If the parties indeed would intend to exclude the possibility of any other losses including lost profit (art. 74 of the Vienna Convention) they would have to express this in a sufficiently precise manner.

Hence, the provisions of para. 7.1 of the Contract do not exclude the right to claim lost profit, which is the subject of the present action, according to the Convention.

3. According to the Contract of 23 November 1998, delivery of the goods was to be carried out in equal consignments (para. 1.1). The second consignment of the goods to be provided in accordance with Supplement # 5 with a delivery deadline of 10 February 1999 was not delivered by the [Seller]. At the same time, according to the Tribunal, it is obvious that Supplements # 8 and 9, which foresee delivery of a certain amount of goods and set forth a fine of 25% for the non-delivery or delivery delay, did not constitute a replacement of the delivery which had not taken place. The mention of the "second consignment of the goods" in the Supplements without any other instructions should be interpreted as delivery of the second consignment of the goods after December 1998 and not as the substitute of the independent consignment foreseen but not delivered under Supplement # 5, which is as well confirmed by the materials of the case with regard to its delivery by the [Seller] and payment by the [Buyer] and is not disputed by the parties.

4. [Seller]'s statement about the presence of a fundamental breach of the contract by the [Buyer] does not exempt [Seller] from liability for non-delivery of the goods in February 1998 for the following reasons:

   -      -      -      -   
Assuming that [Buyer] has not paid for certain delivered goods in due time and thereby has fundamentally breached the contract, the [Seller] could have used the measures of legal protection foreseen in the Vienna Convention and claimed avoidance of the contract according to art. 64 of the Vienna Convention, which the [Seller] has not done.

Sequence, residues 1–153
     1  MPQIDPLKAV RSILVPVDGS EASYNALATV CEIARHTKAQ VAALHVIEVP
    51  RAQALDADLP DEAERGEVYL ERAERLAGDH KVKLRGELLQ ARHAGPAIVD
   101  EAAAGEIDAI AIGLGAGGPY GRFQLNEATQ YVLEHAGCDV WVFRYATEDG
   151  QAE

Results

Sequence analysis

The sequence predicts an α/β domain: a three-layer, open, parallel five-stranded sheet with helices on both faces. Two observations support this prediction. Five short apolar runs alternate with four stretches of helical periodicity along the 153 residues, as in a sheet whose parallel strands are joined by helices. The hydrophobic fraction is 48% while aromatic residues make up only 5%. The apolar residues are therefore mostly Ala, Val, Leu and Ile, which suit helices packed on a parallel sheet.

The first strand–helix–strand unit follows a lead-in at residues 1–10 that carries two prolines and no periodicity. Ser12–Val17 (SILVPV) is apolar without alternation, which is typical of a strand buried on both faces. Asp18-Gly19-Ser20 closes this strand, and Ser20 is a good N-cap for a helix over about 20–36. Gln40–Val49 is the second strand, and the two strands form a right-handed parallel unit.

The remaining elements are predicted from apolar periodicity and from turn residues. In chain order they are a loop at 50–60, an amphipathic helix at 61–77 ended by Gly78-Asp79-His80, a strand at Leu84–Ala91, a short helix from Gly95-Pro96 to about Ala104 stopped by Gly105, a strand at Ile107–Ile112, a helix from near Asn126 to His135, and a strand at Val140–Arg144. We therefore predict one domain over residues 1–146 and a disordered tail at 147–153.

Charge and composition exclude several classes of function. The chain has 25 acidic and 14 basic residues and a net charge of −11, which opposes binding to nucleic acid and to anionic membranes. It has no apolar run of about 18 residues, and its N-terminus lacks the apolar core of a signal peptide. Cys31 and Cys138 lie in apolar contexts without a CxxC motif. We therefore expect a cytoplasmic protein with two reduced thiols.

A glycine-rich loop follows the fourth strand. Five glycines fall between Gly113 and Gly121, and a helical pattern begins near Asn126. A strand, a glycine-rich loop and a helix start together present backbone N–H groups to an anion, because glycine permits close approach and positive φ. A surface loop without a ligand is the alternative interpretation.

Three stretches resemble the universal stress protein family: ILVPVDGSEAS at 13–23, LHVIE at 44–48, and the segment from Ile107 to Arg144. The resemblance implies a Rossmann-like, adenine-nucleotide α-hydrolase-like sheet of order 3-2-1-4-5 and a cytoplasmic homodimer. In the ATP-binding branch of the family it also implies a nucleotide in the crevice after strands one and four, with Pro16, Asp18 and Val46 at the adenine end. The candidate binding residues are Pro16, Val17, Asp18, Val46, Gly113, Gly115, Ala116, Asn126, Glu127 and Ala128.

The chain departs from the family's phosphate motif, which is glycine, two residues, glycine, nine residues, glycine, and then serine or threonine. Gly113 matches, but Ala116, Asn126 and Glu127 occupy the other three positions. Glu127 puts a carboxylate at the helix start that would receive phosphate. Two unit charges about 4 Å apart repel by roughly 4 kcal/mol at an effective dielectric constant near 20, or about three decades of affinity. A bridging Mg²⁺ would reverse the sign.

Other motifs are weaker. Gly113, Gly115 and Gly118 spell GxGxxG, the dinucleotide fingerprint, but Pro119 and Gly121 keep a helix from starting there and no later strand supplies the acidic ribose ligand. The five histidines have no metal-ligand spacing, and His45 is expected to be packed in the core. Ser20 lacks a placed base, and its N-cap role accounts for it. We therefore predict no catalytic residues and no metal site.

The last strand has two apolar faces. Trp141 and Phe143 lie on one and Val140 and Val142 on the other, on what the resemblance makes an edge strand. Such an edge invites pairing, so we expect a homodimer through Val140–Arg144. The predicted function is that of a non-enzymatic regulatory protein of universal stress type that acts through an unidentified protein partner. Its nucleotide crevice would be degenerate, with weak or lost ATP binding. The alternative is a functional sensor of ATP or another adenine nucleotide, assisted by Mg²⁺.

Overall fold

In any event, [Seller] was entitled to claim compensation and interest which the [Seller] has not petitioned for as well; according to the [Seller] this decision was based on the lack of money of the [Buyer].
The [Seller] was entitled to claim suspension of the fulfillment of its obligations under the Contract if the [Seller] believed that [Buyer] is not capable to pay, but this was not done.
Many of the [Seller]'s messages contain requests to the [Buyer] to execute the payment, however, mention of suspension of the fulfillment of obligations can be found only in two faxes (of 21 January and of 5 February 1999) which were presented to the Tribunal only on the day of the proceedings. At the same time, the [Buyer] has stated that it had not received these messages, indicating that the code numeration does not comply with the one usually used by the [Seller] in the correspondence.